Trade analysis can often be one-sided. Usually, the team that reaps the immediate benefit from a trade is viewed as the winner, whereas the team that has to wait for the rewards are considered the loser. That seemed to be the case early on in the aftermath of the 2017 NHL Draft Day trade of Brayden Schenn to the St. Louis Blues. Schenn has made a permanent home in St. Louis and has won a Stanley Cup. Clearly, the Blues have no regrets about this trade. But a fair analysis of the young prospects (via draft picks) the Philadelphia Flyers got in return suggests that this trade is about as even as it gets, and could, in the long run, be viewed as one of the better moves in Flyers’ franchise history.
Why Schenn Had to Go
Every trade has a story, and the Schenn story began with the Flyers unexpectedly rising to the second-overall pick in the 2017 NHL Draft Lottery. Then Flyers general manager Ron Hextall had no idea he was going to obtain that pick. Once he had it, he knew he was going to select Nico Hischier or Nolan Patrick (both centers). Therefore, he knew he would have too many players down the middle. Schenn is a natural center but played on the wing most of the time due to the logjam of centers in the Philadelphia system. Trading him gave head coach Dave Hakstol the option to move one of Claude Giroux, Valtteri Filppula or Jori Lehtera to the wing, which worked out well for Giroux.
Now that they didn’t have to worry about playing Schenn in his natural position, they could easily roll with Couturier, Filppula, and Patrick as their top three centers, or so they hoped, before Patrick struggled with concussions during the first several seasons of his career.
For the Blues, they were looking to add someone who could take on the role of a first-line center. While he was never given that opportunity in Philadelphia, he did manage to produce on the wing with some talented players. Knowing he could be slotted between Jaden Schwartz and Vladimir Tarasenko, Blues general manager Doug Armstrong knew Schenn could step in as the center. He pulled the trigger on the deal but gave up a lot in the process.
Evaluating the Blues’ Return
This deal had two major rewards for the Blues. Schenn was obviously the big piece, but they were also able to unload a troublesome contract in Jori Lehtera. The Blues had signed Lehtera to a three-year, $14.1 million contract extension after just one season in the NHL, and it already looked putrid by the time of the trade. The Flyers were in a better position to bury the contract away from prying eyes, and since they could leverage it to increase their return in the deal, they happily accepted it.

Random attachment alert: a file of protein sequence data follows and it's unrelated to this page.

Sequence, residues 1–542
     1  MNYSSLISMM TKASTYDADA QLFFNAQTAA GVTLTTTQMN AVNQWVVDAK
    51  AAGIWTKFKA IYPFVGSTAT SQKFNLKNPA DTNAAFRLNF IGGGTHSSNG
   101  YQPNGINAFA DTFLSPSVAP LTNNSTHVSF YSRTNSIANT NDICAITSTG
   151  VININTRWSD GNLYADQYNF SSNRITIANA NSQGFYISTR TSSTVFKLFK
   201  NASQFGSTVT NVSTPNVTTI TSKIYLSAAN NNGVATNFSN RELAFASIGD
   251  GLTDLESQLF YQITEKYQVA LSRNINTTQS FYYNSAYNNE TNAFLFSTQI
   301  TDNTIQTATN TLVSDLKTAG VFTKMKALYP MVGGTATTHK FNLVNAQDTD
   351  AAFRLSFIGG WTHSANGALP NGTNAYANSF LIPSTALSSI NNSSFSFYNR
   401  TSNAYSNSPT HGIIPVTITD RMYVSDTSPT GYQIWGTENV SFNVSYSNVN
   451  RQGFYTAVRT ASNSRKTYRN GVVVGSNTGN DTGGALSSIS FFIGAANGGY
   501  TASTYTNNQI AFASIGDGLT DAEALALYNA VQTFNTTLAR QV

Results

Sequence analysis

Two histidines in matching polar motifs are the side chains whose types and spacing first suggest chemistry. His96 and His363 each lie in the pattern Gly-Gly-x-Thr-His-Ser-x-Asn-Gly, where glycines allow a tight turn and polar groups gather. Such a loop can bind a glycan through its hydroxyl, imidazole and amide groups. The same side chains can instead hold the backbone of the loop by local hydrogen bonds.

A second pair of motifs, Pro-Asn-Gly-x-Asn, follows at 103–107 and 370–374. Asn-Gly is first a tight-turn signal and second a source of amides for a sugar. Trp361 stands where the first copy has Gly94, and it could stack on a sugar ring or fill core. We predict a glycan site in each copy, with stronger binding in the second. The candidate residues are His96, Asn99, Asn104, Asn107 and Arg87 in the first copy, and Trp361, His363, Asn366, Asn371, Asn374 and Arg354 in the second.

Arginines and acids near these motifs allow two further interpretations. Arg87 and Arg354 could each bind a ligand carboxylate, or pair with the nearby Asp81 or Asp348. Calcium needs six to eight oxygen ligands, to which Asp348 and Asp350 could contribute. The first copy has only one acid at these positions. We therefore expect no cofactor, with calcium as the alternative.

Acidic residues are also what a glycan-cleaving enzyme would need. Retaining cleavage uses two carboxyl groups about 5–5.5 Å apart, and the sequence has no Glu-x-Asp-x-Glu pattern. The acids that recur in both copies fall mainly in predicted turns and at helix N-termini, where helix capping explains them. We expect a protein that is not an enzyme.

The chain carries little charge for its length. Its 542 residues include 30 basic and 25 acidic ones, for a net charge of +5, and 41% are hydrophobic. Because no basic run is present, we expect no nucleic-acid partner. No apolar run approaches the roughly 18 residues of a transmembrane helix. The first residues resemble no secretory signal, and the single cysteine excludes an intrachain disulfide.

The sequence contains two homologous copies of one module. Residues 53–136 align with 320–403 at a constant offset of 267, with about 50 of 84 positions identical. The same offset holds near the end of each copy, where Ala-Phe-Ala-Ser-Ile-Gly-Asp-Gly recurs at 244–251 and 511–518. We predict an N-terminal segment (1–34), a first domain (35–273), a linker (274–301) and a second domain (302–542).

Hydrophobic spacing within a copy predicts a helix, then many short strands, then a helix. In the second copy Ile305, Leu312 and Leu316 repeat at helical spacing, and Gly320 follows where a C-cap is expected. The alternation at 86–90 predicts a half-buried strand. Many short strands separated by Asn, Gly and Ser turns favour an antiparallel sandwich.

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Of course, Schenn was the major prize for the Blues, and he has become a sensational addition to the team. He became their best player in his first season, managing a career-high 70 points in 82 games. While he has not maintained quite that level of output, he has remained a fixture in the Blues’ top-six. He struggled some in their deep playoff run, but still had 12 points and played in all 26 games as the team went on to win its first-ever Stanley Cup.
Schenn earned his teammates’ respect and the confidence of his new general manager. Early in the 2019-20 season, he inked an eight-year, $52 million contract extension to remain with the team until presumably the end of his career. He also joined the team’s group of alternate captains and remains a fan favorite. The Blues gave up a haul to get Schenn, but they certainly have no regrets.
The Flyers’ Future Set with Frost and Farabee
In exchange for Schenn and the contract of Lehtera, the Flyers secured their future. They grabbed two first-round picks from the Blues, a huge haul in the modern-day NHL. And with them, they selected Morgan Frost (27th overall, 2017) of the Sault Ste. Marie Greyhounds and Joel Farabee (14th overall, 2018) of the U.S. National Team Development Program.
It is still early in the two players’ careers, but it looks like both could be long-term contributors in Philadelphia. Frost was a dominant player in the Ontario Hockey League (OHL) with the Greyhounds, scoring 112 and 109 points in his last two seasons, along with 29 and 18 playoff points. He has struggled to fully establish himself in the NHL, but he’s still in his very early 20s. There’s no reason to doubt his potential yet.
Farabee, on the other hand, looks like an NHL star in the making. After his draft, he played one standout season with Boston University. He also helped the U.S. secure a silver medal in the World Junior Championship. From there, he was destined for almost immediate NHL playing time. Debuting in the 2019-20 season, Farabee managed 21 points in 52 games. Already in his sophomore season, he has moved up the lineup, averaging over 16 minutes a game, contributing 27 points in 32 games, and playing a major role even on a struggling team.
Blues and Flyers Both Benefit
In the final analysis, then, this deal can only be described as a true win-win hockey trade. The Flyers were in a position where they had a strength to trade from, and they made the most of it. By accepting a bad contract back, they were able to secure two first-round picks, and both Frost and Farabee look to have bright NHL futures. Though they paid a hefty price, the Blues won’t be regretting this trade anytime soon, either. Schenn has been a fixture in their top-six, and it’s hard to imagine their 2019 Stanley Cup run happening without him. He now looks to remain with the team for the rest of his career. It’s a good deal for both teams, and one that shaped the future of both franchises.
Stephen Ground is an author with The Hockey Writers and is co-host of the Two Guys No Cup Podcast. He enjoys studying the numbers and providing fresh looks at various stories.